Paskeville, South Australia
Main street of Paskeville, with the Paskeville Hotel in the foreground
|Population||473 (2006 census)|
|Elevation||123 m (404 ft)|
|Location||20 km (12 mi) E of Kadina|
Paskeville is a town on South Australia's Yorke Peninsula. It is located approximately 20 km east of Kadina on the Copper Coast Highway towards Adelaide. At the 2006 census, Paskeville had a population of 473.
Paskeville is within the traditional lands of the indigenous Narungga people. The first European explorers to traverse Northern Yorke Peninsula were John Hill and Thomas Burr, on horseback. On 28 April 1840 they camped overnight near present Paskeville and later reported they had discovered extensive fertile land there. The Paskeville district was soon occupied by sheep graziers, who held occupation licences until closer settlement came two decades later.
The Hundred of Kulpara was proclaimed on 12 June 1862. Surveys soon followed, including the surveyed township of Kulpara. Pioneer farmers cleared the land for cropping, but there was no town at Paskeville until 1878, when a station was established on the new Port Wakefield to Kadina railway. Up until that time the name Green's Plains had applied to this district. The surveyed town which surrounded this station was on 4 March 1880 named after General Edward Hanson Paske, brother-in-law of the incumbent Governor, Sir William Jervois.
The railway yards at Paskeville were soon busily thronged by local farmers with transhipments of bagged wheat and barley, as well as wool. Goods sheds were built in 1887, while silos were built later for bulk grain handling. These products were generally exported through the port of Wallaroo.
The township of Paskeville soon provided commercial and community support services, including churches, a school, grocer and baker, and a hotel (originally named the Railway Hotel). Gaslight came to Paskeville in 1903, a new post office in 1925, and a 32-volt power supply until 1953. The township thrived for a time, but the closure of the railway, plus better roads and shopping options, eventually stalled its growth.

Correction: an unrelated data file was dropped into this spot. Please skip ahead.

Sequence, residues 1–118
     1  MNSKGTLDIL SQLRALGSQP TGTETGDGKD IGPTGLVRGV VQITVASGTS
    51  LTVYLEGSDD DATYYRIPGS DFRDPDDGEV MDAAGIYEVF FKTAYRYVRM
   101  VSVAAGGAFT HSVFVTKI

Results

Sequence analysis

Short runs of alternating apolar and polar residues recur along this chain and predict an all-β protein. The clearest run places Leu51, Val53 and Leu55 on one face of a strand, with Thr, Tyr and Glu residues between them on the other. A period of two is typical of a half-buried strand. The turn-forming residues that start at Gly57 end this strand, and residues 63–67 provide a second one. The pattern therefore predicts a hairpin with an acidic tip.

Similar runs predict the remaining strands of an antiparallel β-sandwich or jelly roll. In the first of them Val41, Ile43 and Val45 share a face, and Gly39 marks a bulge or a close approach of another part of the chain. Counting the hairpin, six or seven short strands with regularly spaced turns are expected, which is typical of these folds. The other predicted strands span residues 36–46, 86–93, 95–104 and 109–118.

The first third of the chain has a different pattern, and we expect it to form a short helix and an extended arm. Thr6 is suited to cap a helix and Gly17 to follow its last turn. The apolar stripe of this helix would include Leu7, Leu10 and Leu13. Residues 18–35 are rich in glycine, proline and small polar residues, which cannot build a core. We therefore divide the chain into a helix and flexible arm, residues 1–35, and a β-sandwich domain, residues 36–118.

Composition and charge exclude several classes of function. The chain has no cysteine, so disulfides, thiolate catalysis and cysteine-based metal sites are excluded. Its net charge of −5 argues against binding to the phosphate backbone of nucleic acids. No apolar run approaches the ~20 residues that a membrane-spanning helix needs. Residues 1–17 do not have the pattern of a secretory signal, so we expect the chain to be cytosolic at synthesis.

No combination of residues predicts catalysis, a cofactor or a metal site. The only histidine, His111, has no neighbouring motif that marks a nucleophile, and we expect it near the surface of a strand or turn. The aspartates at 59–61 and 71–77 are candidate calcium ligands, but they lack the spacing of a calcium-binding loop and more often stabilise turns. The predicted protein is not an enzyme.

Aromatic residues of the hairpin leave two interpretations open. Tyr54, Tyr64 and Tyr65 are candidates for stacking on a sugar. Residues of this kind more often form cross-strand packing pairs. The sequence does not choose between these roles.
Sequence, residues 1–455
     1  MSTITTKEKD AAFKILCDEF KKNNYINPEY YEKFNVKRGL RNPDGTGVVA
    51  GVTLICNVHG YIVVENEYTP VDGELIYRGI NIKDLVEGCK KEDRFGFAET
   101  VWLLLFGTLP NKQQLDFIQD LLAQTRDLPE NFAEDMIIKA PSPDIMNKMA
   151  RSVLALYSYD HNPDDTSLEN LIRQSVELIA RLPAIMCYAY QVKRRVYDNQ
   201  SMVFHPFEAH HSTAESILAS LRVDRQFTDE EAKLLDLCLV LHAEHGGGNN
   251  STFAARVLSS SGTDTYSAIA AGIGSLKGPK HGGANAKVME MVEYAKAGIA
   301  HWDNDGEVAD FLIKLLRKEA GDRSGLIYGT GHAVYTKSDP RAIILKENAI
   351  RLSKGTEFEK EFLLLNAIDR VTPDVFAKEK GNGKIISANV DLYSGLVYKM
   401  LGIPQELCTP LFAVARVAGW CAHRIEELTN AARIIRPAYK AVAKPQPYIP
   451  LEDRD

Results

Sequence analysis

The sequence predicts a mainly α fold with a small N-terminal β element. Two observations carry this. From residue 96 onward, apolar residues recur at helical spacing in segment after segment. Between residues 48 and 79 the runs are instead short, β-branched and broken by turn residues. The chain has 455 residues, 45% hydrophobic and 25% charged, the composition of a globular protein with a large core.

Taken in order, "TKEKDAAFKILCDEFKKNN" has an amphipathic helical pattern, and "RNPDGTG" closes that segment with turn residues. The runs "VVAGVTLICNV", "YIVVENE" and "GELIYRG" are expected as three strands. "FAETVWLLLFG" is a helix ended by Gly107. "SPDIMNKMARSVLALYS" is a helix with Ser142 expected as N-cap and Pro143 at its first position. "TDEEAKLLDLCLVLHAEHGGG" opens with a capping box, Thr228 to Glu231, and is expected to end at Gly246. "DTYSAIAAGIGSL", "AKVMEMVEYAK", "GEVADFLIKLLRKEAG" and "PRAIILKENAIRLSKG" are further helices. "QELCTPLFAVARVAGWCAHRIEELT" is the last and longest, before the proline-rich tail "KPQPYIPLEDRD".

The original geography of Northern Yorke Peninsula was of scrub-covered undulating plains, almost devoid of watercourses. Since European settlement the scrub has mostly been cleared, with the exception of roadside remnants, leaving a dominant landscape of undulating grain fields. Paskeville is sited upon a plateau which, although low-lying, affords clear and distant views in certain directions across the surrounding region. The geology, which is dominated by limestone overlaid by ancient sand dunes, was quickly exhausted by pioneer cropping, but modern farming methods and fertilisers make this a highly productive food bowl.
Yorke Peninsula Field Days
Paskeville biennially hosts the Yorke Peninsula Field Days (YPFD), a three-day field day with a major focus on agriculture, and the future, the event features extensive displays of the latest agricultural machinery and equipment, technology, information and services. The event also offers a variety of displays designed to be of interest to both rural and urban families. The event, which since 1975 has been held on a permanent site approximately 3 km west of the township, attracts an Australia wide attendance.
In February 2008 a Kadina man was lured to Paskeville where he was ambushed by four men and shot at least 15 times at close range, before staggering into the Paskeville Hotel. The offenders fled, leaving the man in a critical but stable condition. Remarkably, he survived. The victim was linked to the shooting death of a bikie gang member at Wallaroo in May 2004, for which he had been tried and acquitted.
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